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Cost of living fuels work from home boom

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Over a third of employers have seen an increase in staff working from home compared with 2022, an Acas survey has found.


Acas crunched the results from 1,015 working adults between March and April 2023. Each person was asked: after the rise in the cost of living to what extent have you seen a change in the proportion of employees working from home in your business? Thirty-six per cent said there had been a rise, 13 per cent of whom said a ‘significant rise’.

Chief executive of Acas, Susan Clews, said the results were “unsurprising”: “For some workers, the cost of commuting is eating into their budgets, while for others, going to their workplaces saves on home energy costs.”

The findings come as a new law could make it easier for people to request flexible working arrangements.

Mums, dads, carers and older workers who need to work flexibly, still fear discrimination or rejection when asking about flexible working in the recruitment process. Photograph: iStock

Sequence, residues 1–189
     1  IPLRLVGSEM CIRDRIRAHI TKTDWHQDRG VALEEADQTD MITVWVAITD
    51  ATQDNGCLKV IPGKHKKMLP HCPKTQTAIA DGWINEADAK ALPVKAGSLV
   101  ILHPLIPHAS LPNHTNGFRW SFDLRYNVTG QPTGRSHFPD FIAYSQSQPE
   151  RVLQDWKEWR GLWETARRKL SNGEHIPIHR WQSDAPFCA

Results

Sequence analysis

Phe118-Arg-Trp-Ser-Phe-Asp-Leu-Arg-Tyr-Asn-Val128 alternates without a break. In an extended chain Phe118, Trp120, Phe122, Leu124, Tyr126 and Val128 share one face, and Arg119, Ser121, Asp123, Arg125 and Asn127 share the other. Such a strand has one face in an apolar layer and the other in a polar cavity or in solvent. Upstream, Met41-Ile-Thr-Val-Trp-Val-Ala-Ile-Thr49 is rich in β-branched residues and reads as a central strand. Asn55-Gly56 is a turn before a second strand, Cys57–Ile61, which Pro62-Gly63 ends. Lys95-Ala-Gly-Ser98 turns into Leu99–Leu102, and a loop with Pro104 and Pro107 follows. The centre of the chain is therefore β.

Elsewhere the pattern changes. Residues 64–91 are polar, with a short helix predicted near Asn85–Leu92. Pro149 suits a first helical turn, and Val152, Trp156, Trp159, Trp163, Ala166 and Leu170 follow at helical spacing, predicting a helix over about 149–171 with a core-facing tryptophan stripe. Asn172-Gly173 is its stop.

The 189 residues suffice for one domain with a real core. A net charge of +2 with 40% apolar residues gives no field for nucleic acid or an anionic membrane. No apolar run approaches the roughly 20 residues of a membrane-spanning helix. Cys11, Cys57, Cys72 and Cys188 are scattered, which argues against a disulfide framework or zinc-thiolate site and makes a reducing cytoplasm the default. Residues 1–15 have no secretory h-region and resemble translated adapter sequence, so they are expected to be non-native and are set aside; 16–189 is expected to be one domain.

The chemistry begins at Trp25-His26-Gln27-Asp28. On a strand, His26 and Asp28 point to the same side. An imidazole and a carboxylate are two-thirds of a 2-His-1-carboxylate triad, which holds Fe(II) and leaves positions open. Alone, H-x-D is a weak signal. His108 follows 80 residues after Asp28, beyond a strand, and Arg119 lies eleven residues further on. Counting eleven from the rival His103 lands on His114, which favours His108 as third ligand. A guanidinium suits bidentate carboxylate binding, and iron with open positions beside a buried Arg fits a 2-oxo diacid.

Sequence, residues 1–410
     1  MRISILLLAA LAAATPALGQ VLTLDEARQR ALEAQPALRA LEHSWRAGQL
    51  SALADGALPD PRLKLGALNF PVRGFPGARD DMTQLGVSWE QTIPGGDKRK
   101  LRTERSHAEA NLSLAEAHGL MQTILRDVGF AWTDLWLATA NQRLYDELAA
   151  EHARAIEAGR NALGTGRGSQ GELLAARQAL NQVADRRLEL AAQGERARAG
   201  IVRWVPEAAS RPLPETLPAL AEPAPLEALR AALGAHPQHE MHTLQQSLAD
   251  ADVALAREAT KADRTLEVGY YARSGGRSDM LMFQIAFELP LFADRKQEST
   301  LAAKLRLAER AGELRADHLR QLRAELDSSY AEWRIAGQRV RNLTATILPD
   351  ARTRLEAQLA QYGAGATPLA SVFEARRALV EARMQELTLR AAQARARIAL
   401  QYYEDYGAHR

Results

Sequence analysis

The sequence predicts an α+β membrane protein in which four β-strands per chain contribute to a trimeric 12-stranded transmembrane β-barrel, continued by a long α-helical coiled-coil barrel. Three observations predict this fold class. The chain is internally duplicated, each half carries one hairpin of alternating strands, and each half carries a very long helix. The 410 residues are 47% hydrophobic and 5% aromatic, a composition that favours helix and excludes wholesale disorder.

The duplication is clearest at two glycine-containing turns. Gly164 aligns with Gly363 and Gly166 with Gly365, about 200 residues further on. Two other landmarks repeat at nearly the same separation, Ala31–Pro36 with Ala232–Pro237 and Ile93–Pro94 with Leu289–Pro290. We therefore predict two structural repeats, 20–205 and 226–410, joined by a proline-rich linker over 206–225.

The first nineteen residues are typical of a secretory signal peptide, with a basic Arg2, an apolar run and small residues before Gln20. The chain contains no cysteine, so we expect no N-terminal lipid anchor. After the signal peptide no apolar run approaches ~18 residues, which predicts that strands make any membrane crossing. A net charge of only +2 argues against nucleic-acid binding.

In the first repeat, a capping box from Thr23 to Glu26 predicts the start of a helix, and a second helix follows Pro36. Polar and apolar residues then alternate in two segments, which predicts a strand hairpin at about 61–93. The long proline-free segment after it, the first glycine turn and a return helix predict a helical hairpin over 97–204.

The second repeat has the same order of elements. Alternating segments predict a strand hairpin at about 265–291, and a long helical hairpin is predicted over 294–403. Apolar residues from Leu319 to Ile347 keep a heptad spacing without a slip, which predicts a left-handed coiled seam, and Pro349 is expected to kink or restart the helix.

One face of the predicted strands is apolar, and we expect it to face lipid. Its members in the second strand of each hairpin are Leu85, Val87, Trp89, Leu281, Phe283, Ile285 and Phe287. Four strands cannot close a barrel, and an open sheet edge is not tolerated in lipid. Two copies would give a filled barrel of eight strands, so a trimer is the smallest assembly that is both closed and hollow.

Although employees have always been legally able to make the request, the Employment Relations (Flexible Working) Act 2023, which came into force in July, gives more options. Employers will now have to consult with their staff before they reject a request and secondary legislation will introduce a right to request from day one of employment.

However, unions and campaigners, while welcoming the law, say that more needs to be done. In a joint statement, the TUC, Fawcett Society, Women’s Budget Group and Timewise said that mums, dads, carers and older workers who need to work flexibly, still fear discrimination or rejection when asking about flexible working in the recruitment process.

“To truly meet their manifesto commitment to make flexible working the default, the government must require employers to include all possible flexible working options in job adverts. This is a small, simple change that would make a huge difference to working people,” they said.

Acas is developing a statutory Code of Practice on flexible working to replace the existing 2014 Code, which will set out best practice for employers. Consultation runs until 6 September.

Acas Survey: here 

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